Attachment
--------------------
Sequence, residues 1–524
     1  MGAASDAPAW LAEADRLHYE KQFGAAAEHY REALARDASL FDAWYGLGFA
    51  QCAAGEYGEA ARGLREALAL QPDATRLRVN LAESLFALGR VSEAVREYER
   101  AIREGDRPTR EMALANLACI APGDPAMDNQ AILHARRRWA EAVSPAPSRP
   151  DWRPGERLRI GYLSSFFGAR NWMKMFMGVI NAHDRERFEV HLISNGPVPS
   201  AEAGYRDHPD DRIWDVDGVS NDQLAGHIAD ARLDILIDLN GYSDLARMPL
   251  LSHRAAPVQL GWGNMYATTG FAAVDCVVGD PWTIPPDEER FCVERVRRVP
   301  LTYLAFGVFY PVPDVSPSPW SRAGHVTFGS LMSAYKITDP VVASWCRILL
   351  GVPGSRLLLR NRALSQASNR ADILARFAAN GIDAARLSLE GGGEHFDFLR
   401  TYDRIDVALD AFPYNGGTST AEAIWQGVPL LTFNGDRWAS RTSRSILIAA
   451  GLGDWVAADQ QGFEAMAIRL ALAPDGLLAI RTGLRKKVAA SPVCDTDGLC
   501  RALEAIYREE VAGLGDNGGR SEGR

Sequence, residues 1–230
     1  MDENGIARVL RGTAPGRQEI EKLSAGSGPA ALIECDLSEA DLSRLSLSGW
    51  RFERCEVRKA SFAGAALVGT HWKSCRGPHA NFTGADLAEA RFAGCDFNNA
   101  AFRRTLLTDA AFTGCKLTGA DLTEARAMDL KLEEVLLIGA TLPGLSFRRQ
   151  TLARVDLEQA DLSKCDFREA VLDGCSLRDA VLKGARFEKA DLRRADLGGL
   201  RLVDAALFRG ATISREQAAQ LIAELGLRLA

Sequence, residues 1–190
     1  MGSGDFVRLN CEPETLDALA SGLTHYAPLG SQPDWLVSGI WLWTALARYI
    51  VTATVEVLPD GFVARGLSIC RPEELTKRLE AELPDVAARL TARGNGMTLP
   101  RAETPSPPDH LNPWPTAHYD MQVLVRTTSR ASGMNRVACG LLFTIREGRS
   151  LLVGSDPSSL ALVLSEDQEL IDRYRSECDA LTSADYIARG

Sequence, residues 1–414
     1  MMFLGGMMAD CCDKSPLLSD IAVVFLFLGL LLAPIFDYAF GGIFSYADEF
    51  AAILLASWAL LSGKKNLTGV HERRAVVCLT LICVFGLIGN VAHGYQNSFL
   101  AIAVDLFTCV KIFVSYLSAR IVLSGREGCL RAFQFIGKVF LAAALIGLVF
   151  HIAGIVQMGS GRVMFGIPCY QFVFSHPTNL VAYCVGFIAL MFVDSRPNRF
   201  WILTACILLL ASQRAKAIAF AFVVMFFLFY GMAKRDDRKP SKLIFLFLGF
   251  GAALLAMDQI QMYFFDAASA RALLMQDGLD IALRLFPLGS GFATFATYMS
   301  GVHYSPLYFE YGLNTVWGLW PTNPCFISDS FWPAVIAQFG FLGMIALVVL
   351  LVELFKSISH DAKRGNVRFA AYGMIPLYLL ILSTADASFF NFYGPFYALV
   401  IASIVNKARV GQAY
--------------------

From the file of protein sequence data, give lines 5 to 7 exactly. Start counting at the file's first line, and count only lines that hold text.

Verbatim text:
   151  DWRPGERLRI GYLSSFFGAR NWMKMFMGVI NAHDRERFEV HLISNGPVPS
   201  AEAGYRDHPD DRIWDVDGVS NDQLAGHIAD ARLDILIDLN GYSDLARMPL
   251  LSHRAAPVQL GWGNMYATTG FAAVDCVVGD PWTIPPDEER FCVERVRRVP